Can someone show me a time when BTC Core was not being used as a reference client for protocol consensus changes? I’m waiting … (Source: BTC Core GitHub)
Before 2015, most of the developers were unpaid volunteers in the bitcoin economy, but the value of the project grew despite not getting rich unless they spent their hard-earned money on their day jobs and bought bitcoin like any other person.
This led to a drive for investment, and by 2015 Mastercard had seeded Mitt Romneys Bain Capital, Transamerica Ventures, FirstMark Capital and New York Life to create a company called the Digital Currency Group, led by Barry Silbert, Darling from Silicon Valley. Silbert stated, “Structuring as a company as opposed to a fund allows us to evolve with the industry due to our permanent capital base and flexible mandate,” which means that they are less restricted by financial regulations and therefore have more influence over theirs Portfolio companies.
This led to the creation of the paid BTC development company Blockstream, and the rest is history! Her portfolio also includes Lightning Labs, Kraken, Coinbase, BitGo, BitPay, Blockstacks, CoinDesk, Circle, Chainalysis, Curv, eToro, Fireblocks, Genesis Trading, Grayscale, ItBit / Paxos, Ledger, Parity, Ripple, Hedera (Hashgraph), RSK Labs, Ripio Network, ShapeShift, Xapo and many, many more. Basically, they own over 90% of the public infrastructure for BTC and all of its competitors.
With hegemonic control in 2015, Mastercard was able to change the bitcoin narrative from a “peer-to-peer electronic cash system”, forcing its user experience into uncomfortable and occasionally useless business opportunities for its other Portfolio to create brands to benefit from specialized services for BTC such as Lightning Network.
Much like Taylor / Powerhouse / Middleby / McDonalds, Mastercard has gotten itself into every aspect of managing all profitable non-scaling offshoots of BTC, and they make money whether it wins or loses based on the provision of services like deposit and debit cards Where just a year or two earlier, intrepid entrepreneurs would have simply built native Bitcoin point-of-sale systems.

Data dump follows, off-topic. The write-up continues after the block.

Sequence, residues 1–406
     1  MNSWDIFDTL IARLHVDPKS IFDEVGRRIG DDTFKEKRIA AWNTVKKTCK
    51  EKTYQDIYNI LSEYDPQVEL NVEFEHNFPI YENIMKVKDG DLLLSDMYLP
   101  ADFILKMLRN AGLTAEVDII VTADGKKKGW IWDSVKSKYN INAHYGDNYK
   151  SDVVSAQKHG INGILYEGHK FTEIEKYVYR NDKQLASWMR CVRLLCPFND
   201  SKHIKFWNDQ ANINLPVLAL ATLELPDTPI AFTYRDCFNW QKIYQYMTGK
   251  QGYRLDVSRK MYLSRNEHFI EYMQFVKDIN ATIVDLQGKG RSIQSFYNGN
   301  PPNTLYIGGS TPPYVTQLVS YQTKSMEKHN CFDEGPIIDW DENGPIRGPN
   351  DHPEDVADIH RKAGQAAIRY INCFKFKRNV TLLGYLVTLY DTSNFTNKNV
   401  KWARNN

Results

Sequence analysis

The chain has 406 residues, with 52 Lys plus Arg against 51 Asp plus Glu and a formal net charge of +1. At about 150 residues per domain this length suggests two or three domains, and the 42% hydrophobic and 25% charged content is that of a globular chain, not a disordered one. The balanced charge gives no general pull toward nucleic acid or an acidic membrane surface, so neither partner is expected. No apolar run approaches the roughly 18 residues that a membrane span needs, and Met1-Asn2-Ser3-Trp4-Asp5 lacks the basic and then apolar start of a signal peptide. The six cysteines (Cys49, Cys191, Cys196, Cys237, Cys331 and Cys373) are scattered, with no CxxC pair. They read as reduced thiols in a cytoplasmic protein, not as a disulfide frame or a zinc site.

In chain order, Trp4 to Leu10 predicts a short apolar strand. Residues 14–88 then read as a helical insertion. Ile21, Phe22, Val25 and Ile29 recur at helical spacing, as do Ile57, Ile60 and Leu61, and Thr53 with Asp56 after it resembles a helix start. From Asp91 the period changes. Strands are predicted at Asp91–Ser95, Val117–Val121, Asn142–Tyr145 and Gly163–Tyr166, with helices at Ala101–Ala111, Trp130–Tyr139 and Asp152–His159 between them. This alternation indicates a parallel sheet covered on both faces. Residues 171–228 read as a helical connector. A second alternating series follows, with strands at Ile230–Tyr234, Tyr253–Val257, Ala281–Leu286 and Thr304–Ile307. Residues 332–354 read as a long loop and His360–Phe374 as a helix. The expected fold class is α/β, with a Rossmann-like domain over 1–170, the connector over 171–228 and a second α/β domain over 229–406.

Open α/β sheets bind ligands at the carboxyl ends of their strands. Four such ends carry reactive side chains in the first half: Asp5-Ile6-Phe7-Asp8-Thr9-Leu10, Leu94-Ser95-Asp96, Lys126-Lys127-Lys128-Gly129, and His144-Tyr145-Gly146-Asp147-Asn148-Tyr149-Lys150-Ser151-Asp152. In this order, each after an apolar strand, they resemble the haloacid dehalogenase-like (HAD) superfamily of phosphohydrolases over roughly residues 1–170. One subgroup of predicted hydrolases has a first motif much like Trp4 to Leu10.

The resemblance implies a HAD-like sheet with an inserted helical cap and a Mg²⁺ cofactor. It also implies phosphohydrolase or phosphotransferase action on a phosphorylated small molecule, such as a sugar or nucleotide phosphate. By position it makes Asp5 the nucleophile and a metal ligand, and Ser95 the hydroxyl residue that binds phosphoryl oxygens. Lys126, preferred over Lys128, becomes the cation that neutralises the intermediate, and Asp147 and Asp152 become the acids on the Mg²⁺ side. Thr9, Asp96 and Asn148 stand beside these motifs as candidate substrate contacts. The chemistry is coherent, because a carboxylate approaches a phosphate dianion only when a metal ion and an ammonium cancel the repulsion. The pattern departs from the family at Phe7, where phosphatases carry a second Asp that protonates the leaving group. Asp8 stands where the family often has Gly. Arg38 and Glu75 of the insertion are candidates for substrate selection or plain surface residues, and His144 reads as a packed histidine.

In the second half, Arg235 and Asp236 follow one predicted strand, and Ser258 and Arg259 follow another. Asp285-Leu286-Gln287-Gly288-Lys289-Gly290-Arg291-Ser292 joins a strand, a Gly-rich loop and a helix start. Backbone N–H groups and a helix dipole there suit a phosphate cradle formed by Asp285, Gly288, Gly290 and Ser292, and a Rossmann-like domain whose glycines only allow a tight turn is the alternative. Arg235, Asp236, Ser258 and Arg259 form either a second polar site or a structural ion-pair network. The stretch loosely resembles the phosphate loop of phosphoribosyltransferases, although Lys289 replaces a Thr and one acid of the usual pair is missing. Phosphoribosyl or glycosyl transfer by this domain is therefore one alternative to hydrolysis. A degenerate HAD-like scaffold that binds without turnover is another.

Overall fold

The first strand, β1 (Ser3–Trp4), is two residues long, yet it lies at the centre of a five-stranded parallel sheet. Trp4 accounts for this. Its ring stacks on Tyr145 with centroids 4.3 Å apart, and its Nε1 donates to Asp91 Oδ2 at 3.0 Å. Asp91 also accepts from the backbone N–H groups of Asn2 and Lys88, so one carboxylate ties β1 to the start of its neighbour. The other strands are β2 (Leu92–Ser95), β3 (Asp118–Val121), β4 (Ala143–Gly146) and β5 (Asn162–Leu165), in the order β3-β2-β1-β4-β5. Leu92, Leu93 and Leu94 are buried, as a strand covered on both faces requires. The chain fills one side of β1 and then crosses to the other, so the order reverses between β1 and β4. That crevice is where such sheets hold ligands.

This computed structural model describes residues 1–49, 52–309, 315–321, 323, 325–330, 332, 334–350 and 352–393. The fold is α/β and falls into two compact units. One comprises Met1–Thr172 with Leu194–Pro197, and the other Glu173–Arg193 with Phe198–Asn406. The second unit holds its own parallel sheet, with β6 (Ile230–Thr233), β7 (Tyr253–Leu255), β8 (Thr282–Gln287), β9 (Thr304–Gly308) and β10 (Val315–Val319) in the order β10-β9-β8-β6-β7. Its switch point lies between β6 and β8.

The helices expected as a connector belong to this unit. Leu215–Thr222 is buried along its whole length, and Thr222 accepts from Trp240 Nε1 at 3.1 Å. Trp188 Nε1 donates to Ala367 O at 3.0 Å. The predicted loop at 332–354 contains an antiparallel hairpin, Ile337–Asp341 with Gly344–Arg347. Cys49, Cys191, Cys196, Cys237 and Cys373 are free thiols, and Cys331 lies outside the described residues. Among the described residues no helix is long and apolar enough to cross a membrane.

To what end?
As with McDonald’s / Taylor, there is no shady conspiracy theory. It is only a business if you are willing to follow the money. Bitcoin was disruptive, so Mastercard silenced it and used “number go up” as a lubricant to end the story that Bitcoin was a real fintech reveal. “We are still far from Bitcoin being a functional currency,” says Silbert. First, it will function as a speculative investment that will drive the price up and create a larger monetary base that Wall Street will attract to trade. “
Once a company comes to pump the pockets of early investors, it makes things “safer” for other players to enter the area, such as:
And in the midst of the malaise years, Mastercard has bid with the central banks to be the provider of central bank digital currencies instead of replacing such things with years ago [checks notes] Bitcoin. Then, as for the suits, BTC and everything else will be thrown on the scrap pile of history while they hold onto their power. And it was simply because everyone was silenced by becoming the petty bourgeoisie just for “fumbling around”.
BTC – Powered by companies built in the 80s by smashing transfer paper onto plastic cards … (Source: Cointelegraph)
Now, instead of going out of business, BTC’s largest infrastructure partner wants to completely eliminate the need for BTC payments, saying: “Mastercard is innovating with the public sector, banks, fintechs and consultancies in researching CBDCs and is working with partners to that are aligned with our core values and principles. This new platform supports central banks in making decisions about the future path for the local and regional economy, now and in the future. “
The ultimate goal is control. It has always been like this. The unlimited Bitcoin protocol eliminates the need for Silicon Valley tech startups, old world banks, inefficient money transmitters, credit card giants, and a whole host of other financial services providers. And it was precisely for this reason that Mastercard led the charge of confusing the influencers, media and service providers in the Bitcoin economy, thereby creating the Altcoin trading, ICO, DEX, DeFi nightmare.
On the altar of fiat profits, small blockers enabled corporate subversion of BTC, which sparked the start of the ongoing Bitcoin civil war for the benefit of banks and the big payment and fintech titans. But the BSV blockchain remains evidence of Satoshi’s vision for a truly unlimited bitcoin.
It is really that easy.
New to Bitcoin? Check out CoinGeek’s Bitcoin For Beginners section, the ultimate resource guide, to learn more about Bitcoin – as originally envisioned by Satoshi Nakamoto – and blockchain.